This paper considers a framework of AI and Governance (Regulation) from the viewpoint that AI (Artiﬁcial Intelligence (AI)) society is about to arrive. Things to consider now is not the way governance is required where AI permeates every corner of society, but a governance framework which would ﬁt to the situation of the transitional period in which AI will be utilized from now on that would gradually change the system of the society. At present, it is important to think of the areas where substitution by AI is difficult and consider a possible framework and create a framework that could apply to a ﬁeld which includes system that AI cannot quickly replace the existing system but may change in the future. That is, considering a future regulatory framework with awareness of the existence of such difficulties. At the same time, however, governance structure should consider the areas where people have to take responsibility even in the future, and thus protect such sectors that should not be substituted for AI with regulation.
This paper examines law on the security of connected devices (hereinafter referred to as
"IoT Security Law
"), which is the California State Act enacted in September 2018 and will be enforced from January 2020. The IoT security law is the ﬁrst state law to regulate the security of devices connected to the Internet (connected devices), and California is the ﬁrst state in the country to enact IoT security law. This law is supposed to be added to Part 4 of the California People's Law, Section 4, which stipulates the obligation of the operator, but no penalty is placed when it violates it. While there is a discussion to evaluate this law as implementing security by design or privacy by design, this law adds only three articles to the Civil Code. Therefore, some doubts about ambiguity and the effsectiveness of regulation have also been pointed out.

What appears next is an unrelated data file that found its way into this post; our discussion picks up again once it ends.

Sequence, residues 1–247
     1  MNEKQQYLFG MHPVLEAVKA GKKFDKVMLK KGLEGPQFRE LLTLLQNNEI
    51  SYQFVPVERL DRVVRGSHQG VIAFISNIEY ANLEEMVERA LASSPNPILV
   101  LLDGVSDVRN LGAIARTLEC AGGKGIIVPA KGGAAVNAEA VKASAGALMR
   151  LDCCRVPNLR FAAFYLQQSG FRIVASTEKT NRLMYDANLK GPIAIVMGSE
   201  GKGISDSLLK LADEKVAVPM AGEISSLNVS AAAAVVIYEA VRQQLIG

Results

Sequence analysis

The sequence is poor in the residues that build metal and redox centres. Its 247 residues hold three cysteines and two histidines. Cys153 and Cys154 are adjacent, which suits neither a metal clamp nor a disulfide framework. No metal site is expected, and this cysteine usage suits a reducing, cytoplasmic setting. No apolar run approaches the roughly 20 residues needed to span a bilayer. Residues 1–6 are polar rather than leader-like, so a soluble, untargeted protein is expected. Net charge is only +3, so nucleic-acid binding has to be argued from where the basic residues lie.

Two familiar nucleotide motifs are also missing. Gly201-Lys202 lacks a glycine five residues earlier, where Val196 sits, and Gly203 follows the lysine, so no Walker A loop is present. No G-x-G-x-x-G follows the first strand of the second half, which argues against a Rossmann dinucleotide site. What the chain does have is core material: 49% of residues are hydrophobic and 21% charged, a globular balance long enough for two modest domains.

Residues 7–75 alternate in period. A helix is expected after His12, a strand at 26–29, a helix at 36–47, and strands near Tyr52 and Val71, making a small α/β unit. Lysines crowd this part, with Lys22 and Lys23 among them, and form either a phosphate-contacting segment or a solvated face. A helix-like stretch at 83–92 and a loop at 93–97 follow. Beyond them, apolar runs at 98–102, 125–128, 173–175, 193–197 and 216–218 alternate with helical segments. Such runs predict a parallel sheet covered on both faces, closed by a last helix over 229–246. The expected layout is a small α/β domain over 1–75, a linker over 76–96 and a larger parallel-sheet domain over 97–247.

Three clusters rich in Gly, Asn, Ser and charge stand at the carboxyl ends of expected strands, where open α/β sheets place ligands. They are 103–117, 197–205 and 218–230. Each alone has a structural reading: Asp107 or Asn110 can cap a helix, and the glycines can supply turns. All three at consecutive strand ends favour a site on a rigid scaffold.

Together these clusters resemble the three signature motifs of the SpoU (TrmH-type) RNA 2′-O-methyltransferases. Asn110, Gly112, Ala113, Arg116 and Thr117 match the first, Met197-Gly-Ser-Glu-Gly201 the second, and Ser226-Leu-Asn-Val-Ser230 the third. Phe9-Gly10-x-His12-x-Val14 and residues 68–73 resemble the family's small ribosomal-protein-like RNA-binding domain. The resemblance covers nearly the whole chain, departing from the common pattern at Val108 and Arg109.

This study includes 1) Introduction 2) The analysis of a contract about privacy from the viewpoint of substantive law, 3) The analysis of a contract about privacy from the viewpoint of procedural law, 4) The future discussion point of a contract about privacy. In Vol. (4), analysis of 'privacy contract' is continually discussed from the viewpoint of procedural law, especially administrative procedural law.
Cet article a pour objectif de présenter un petit commentaire par un constitutionnaliste japonais sur un ouvrage récent de Professeur Alain Supiot (La Gouvernance par les nombres [Paris : Fayard, 2015]). Dans la société post-industrielle, les salariés sont juridiquement de plus en plus autonomes, mais en même temps, matériellement subordonnés. La question de cet article concerne la raison pour laquelle Supiot suit ce raisonnement paradoxal. Pour répondre à cette question, je compare la thèse de Supiot avec un autre texte, celui de François Ewald (III). Avant ces comparaison et synthèse, je compte préciser ma question au lumière des deux contextes et de comparaison avec le droit japonais (I, II). Je pense que l’enjeu est de savoir si le péril de stabilisation de rapports de force est sérieux ou non.